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|Title:||Nutritional manipulation of fetal adipose tissue deposition and uncoupling protein 1 messenger RNA abundance in the sheep: Differential effects of timing and duration|
|Citation:||Biology of Reproduction, 2004; 71(1):359-365|
|Publisher:||Soc Study Reproduction|
|Abstract:||A range of epidemiological and experimental studies have indicated that suboptimal nutrition at different stages of gestation is associated with an increased prevalence of adult hypertension, cardiovascular disease, and obesity. The timing of prenatal nutrient restriction is important in determining postnatal outcomes-including obesity. The present study, aimed to determine the extent to which fetal adiposity and expression of the key thermogenic protein, uncoupling protein (UCP)1, are altered by restriction of maternal nutrient intake imposed during four different periods, starting from before conception. Maternal nutrient intake was restricted from 60 days before until 8 days after mating (periconceptional nutrient restriction; R-C), from 60 days before mating and throughout gestation (R-R), from 8 days gestation until term (C-R), or from 115 days gestation until term. Fetal perirenal adipose tissue (PAT) was sampled near to term at approximately 143 days. UCP1 mRNA, but not protein, abundance in PAT was increased in fetuses in the R-R group (C-C 63 +/- 18; R-C 83 +/- 43; C-R 103 +/- 38; R-R 167 +/- 50 arbitrary units (P < 0.05)). In contrast, the abundance of UCP1 mRNA, but not protein, in fetal PAT was decreased when maternal nutrition was restricted from 115 days gestation. The major effect of maternal nutrient restriction on adipose tissue deposition occurred in the C-R group, in which the proportion of fetal fat was doubled, whereas maternal nutrient restriction from 115 days gestation reduced fetal fat deposition. In conclusion, there are differential effects of maternal and therefore fetal nutrient restriction on UCP1 mRNA expression and fetal fat mass and these effects are dependent on the timing and duration of nutrient restriction.|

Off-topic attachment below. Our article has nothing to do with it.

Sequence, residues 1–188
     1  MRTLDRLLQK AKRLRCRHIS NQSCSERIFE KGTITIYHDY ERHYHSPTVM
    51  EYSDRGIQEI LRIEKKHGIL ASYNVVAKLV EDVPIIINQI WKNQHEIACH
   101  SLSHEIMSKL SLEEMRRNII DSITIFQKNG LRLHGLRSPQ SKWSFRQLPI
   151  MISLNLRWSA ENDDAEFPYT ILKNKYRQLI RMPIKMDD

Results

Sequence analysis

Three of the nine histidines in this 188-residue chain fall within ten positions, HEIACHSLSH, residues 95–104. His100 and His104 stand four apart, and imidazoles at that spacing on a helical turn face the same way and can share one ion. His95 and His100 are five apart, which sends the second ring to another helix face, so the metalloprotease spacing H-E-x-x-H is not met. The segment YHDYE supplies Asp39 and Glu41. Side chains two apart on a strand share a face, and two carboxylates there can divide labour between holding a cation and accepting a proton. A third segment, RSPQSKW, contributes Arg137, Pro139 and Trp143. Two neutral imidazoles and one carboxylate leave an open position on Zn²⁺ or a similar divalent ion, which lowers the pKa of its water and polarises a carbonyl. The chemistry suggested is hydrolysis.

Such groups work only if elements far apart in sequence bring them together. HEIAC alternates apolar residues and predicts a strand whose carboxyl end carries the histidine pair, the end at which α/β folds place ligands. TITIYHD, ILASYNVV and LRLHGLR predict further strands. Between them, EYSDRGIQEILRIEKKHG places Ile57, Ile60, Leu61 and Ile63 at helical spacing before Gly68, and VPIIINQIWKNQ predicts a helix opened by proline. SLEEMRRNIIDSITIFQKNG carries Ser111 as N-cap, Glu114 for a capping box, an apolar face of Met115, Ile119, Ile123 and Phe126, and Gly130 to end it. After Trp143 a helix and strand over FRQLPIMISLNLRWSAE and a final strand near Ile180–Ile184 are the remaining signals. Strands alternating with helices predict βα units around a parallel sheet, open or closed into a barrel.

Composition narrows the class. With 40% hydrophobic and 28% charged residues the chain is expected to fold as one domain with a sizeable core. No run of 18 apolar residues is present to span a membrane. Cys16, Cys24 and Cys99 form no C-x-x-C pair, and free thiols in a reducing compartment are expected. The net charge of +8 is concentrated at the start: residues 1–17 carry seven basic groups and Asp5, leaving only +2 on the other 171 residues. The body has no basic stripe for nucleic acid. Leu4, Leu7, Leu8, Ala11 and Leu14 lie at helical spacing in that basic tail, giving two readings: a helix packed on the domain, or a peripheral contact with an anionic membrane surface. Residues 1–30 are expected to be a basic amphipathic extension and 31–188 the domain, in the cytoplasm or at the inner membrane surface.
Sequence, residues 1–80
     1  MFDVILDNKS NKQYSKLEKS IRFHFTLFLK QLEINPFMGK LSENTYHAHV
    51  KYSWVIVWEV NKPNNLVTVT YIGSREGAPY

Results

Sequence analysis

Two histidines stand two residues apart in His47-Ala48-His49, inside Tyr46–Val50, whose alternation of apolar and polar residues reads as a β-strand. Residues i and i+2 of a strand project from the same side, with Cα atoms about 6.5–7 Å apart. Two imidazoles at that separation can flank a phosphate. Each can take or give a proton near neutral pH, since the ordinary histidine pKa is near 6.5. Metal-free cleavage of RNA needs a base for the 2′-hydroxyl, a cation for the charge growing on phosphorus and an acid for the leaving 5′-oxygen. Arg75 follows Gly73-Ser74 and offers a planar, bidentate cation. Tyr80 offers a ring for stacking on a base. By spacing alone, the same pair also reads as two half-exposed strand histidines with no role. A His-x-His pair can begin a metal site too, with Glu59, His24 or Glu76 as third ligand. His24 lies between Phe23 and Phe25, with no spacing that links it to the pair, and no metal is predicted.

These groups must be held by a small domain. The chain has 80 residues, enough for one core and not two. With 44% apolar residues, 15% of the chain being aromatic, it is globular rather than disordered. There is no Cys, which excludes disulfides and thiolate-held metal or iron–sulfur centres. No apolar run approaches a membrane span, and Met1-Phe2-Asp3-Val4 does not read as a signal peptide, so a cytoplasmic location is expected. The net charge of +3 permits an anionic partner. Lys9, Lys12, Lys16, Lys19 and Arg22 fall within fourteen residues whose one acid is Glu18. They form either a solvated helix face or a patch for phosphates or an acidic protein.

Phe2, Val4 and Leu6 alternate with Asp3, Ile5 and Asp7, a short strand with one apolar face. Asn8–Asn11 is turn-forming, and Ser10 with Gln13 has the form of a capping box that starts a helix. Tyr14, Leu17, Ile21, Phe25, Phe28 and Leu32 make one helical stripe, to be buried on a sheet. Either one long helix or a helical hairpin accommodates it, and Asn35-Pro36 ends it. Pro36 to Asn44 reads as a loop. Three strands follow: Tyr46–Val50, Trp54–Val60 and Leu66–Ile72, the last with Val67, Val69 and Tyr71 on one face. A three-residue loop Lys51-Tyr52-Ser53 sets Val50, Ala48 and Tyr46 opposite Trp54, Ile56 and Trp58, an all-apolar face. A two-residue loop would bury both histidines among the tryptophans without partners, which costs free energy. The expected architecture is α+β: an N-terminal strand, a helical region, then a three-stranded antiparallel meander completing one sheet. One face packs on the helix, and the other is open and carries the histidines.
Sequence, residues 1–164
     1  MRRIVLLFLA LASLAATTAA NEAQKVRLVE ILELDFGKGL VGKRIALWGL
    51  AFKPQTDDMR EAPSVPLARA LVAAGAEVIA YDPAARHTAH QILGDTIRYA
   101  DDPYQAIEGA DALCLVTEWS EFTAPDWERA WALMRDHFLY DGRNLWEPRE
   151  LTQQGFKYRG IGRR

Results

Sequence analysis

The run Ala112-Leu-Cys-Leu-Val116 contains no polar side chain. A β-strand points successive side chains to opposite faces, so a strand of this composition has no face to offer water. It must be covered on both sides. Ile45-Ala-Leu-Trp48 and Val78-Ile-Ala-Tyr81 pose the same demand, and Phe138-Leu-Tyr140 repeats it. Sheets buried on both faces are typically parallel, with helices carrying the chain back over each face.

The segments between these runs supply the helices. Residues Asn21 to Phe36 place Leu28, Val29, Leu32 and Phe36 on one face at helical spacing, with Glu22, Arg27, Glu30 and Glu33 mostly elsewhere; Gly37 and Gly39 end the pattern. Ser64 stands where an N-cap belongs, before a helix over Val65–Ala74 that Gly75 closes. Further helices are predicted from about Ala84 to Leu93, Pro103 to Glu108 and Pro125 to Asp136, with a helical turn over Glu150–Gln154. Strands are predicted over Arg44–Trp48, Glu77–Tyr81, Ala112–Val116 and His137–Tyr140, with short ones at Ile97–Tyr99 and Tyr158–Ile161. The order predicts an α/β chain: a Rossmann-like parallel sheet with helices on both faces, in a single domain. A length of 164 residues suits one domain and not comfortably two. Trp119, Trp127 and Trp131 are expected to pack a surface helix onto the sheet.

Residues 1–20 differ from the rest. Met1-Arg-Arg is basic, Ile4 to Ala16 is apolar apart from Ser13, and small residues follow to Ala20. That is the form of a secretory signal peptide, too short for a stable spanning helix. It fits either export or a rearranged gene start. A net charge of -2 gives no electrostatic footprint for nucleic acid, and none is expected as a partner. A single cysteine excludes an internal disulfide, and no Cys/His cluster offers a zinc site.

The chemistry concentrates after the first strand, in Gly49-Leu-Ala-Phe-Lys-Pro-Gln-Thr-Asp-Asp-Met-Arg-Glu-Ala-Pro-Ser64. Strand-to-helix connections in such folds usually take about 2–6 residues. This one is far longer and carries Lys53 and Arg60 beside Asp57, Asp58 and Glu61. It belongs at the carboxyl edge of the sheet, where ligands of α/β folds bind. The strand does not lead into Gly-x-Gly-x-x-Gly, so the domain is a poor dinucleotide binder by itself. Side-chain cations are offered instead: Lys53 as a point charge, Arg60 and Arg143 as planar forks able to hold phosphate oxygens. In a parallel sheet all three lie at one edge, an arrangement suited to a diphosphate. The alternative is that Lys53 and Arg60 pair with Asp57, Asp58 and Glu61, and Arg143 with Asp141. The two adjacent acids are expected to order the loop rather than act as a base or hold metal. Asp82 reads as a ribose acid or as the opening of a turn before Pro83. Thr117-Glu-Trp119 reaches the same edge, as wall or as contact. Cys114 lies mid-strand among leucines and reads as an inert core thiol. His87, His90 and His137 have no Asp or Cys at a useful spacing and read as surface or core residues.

|Keywords:||Kidney; Adipose Tissue; Animals; Sheep; Carrier Proteins; Ion Channels; Membrane Proteins; Mitochondrial Proteins; RNA, Messenger; Food Deprivation; Fetal Development; Fertilization; Pregnancy; Time Factors; Female; Animal Nutritional Physiological Phenomena; Maternal Nutritional Physiological Phenomena; Uncoupling Protein 1|
|Appears in Collections:||Molecular and Biomedical Science publications|
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